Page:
2. Exactly proportioned; proper. Pleaseth your lordship / To meet his grace, just distance 'tween our armies? – Shak.
  3. Full; complete to the common standard. He was comely personage, a little above just stature. – Bacon.
  4. Full; true; a sense allied to the preceding, or the same. So that once the skirmish was like to have come to a just battle. – Knolles.
  5. In a moral sense, upright; honest; having principles of rectitude; or conforming exactly to the laws, and to principles of rectitude in social conduct; equitable in the distribution of justice; as, a just judge.
  6. In an evangelical sense, righteous; religious; influenced by a regard to the laws of God; or living in exact conformity to the divine will. There is not a just man on earth, that doeth good, and sinneth not. – Eccles. vii.
  7. Conformed to rules of justice; doing equal justice. Just balances, just weights, a just ephah and a just hin shall ye have. – Lev. xix.
  8. Conformed to truth; exact; proper; accurate; as just thoughts; just expressions; just images or representations; a just description; a just inference.
  9. True; founded in truth and fact; as, a just charge or accusation.
  10. Innocent; blameless; without guilt. How should man be just with God? – Job ix.
  11. Equitable; due; merited; as, a just recompense or reward. Whose damnation is just. – Rom. iii.
  12. True to promises; faithful; as, just to one's word or engagements.
  13. Impartial; allowing what is due; giving fair representation of character, merit or demerit.

JUST, adv.

  1. Close or closely; near or nearly, in place. He stood just by the speaker, and heard what he said. He stood just at the entrance of the city.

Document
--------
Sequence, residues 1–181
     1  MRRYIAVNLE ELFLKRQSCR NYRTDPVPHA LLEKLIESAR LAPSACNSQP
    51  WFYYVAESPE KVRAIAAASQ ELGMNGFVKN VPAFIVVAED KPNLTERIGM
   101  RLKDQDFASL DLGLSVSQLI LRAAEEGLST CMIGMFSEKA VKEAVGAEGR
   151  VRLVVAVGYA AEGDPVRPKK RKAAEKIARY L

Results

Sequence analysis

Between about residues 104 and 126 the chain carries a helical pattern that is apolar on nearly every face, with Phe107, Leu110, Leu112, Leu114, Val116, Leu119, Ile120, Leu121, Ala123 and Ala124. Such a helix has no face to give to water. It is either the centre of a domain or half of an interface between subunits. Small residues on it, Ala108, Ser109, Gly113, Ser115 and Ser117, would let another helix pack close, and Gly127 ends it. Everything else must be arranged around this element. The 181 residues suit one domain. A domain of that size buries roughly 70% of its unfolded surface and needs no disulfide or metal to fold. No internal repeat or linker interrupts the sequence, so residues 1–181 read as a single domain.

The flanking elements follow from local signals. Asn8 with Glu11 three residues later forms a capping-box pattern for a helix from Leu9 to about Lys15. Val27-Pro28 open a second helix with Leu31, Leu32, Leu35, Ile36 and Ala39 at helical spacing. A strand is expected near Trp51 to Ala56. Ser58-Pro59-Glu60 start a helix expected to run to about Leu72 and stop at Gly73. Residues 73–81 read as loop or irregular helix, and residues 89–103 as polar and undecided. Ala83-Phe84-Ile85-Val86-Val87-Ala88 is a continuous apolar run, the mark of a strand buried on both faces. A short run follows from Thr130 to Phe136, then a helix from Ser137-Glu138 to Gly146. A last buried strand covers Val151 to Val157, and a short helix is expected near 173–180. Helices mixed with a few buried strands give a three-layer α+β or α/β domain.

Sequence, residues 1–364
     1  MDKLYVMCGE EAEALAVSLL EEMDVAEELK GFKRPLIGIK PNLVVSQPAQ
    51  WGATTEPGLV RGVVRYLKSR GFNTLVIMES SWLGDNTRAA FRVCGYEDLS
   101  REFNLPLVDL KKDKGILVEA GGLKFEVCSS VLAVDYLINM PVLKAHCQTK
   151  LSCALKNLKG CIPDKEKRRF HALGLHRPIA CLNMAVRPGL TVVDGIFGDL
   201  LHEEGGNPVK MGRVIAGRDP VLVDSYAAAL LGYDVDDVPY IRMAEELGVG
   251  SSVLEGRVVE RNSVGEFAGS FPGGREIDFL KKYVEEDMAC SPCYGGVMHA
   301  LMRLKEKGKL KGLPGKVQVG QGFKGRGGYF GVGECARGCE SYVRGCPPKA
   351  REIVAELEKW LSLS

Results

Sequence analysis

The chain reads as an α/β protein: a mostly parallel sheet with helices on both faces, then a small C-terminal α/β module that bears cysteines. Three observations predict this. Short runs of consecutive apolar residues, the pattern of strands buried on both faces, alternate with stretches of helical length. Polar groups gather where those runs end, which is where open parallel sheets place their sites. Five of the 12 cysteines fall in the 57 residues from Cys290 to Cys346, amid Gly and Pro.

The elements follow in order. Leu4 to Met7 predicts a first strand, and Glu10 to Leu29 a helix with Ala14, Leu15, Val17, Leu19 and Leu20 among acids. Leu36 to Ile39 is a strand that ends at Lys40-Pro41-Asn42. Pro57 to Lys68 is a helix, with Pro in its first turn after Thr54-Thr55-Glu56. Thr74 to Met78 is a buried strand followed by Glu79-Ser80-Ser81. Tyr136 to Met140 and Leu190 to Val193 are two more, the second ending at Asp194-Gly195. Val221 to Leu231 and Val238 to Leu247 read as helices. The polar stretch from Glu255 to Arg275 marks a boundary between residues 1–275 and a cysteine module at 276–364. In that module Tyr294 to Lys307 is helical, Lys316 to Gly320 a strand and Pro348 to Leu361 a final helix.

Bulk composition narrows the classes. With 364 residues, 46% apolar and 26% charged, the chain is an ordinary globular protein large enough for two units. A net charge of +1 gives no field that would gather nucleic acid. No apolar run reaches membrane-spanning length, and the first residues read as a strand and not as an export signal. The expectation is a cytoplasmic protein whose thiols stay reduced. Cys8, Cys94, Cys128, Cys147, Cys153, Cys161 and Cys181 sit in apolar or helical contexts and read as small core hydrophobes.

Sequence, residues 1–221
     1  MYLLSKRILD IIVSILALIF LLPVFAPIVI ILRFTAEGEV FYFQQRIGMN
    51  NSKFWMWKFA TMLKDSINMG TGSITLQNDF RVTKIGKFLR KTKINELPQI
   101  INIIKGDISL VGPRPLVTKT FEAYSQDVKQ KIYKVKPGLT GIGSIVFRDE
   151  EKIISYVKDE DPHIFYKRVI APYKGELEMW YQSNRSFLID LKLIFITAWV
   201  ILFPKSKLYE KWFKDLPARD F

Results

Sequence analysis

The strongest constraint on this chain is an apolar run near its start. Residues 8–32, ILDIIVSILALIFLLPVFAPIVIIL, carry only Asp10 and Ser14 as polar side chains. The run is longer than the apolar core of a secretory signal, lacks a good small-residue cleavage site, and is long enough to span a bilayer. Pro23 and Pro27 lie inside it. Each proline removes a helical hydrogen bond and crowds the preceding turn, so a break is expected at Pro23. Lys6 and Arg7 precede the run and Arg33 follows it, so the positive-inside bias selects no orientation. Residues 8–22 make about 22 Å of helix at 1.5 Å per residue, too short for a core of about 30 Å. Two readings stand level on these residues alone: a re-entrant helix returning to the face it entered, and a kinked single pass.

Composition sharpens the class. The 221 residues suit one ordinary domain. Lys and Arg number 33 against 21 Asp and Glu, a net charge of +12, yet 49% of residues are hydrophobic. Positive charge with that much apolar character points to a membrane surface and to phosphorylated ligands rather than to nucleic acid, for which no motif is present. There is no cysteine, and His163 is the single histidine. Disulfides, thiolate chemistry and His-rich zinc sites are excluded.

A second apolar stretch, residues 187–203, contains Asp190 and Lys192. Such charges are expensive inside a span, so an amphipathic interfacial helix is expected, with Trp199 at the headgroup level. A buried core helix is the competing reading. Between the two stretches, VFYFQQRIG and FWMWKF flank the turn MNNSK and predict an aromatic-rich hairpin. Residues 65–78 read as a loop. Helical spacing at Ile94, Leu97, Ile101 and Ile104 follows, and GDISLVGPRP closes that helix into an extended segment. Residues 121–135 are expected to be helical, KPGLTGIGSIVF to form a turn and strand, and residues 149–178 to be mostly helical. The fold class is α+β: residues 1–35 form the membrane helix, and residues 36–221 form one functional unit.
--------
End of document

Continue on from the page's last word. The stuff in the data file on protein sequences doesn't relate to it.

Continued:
2. Near or nearly in time; almost. Just at that moment he arose and fled.
  3. Exactly; nicely; accurately. They remain just of the same opinion. 'Tis with our judgments as our watches; none / Go just alike, yet each believes his own. – Pope.
  4. Merely; barely; exactly. And having just enough, not covet more. – Dryden.
  5. Narrowly. He just escaped without injury.

JUST, n. [Fr. jouste, now joute; Sp. justa; Port. id.; It. giostra; probably from the root of jostle or justle. The primary sense is to thrust, to drive, to push.]

A mock encounter on horseback; a combat for sport or for exercise, in which the combatants pushed with lances and swords, man to man, in mock fight; a tilt; one of the exercises at tournaments. – Encyc.

JUST, v.i. [Fr. jouter; Sp. and Port. justar; It. giostrare.]

  1. To engage in mock fight on horseback.
  2. To push; to drive; to justle.

JUST'ICE, n. [Fr.; Sp. justicia; It. giustizia; from L. justitia, from justus, just.]

  1. The virtue which consists in giving to every one what is his due; practical conformity to the laws und to principles of rectitude in the dealings of men with each other; honesty; integrity in commerce or mutual intercourse. Justice is distributive or commutative. Distributive justice belongs to magistrates or rulers, and consists in distributing to every man that right or equity which the laws and the principles of equity require; or in deciding controversies according to the laws and to principles of equity. Commutative justice consists in fair dealing in trade and mutual intercourse between man and man.
  2. Impartiality; equal distribution of right in expressing opinions; fair representation of facts respecting merit or demerit. In criticisms, narrations, history or discourse, it is a duty to do justice to every man, whether friend or foe.
  3. Equity; agreeableness to right; as, he proved the justice of his claim. This should, in strictness, be justness.
  4. Vindictive retribution; merited punishment. Sooner or later, justice overtakes the criminal.
  5. Right; application of equity. His arm will do him justice.
  6. [Low L. justiciarius.] A person commissioned to hold courts, or to try and decide controversies and administer justice to individuals; its, the Chief Justice of the king's bench, or of the common pleas, in England; the Chief Justice of the supreme court in the United States, &c., and justices of the peace.

JUST'ICE, v.t.

To administer justice. [Little used.] – Bacon.


Liable to account in a court of justice. [Not used.] – Hayward.


An administrator of justice. [Not used.] – Bp. Hall.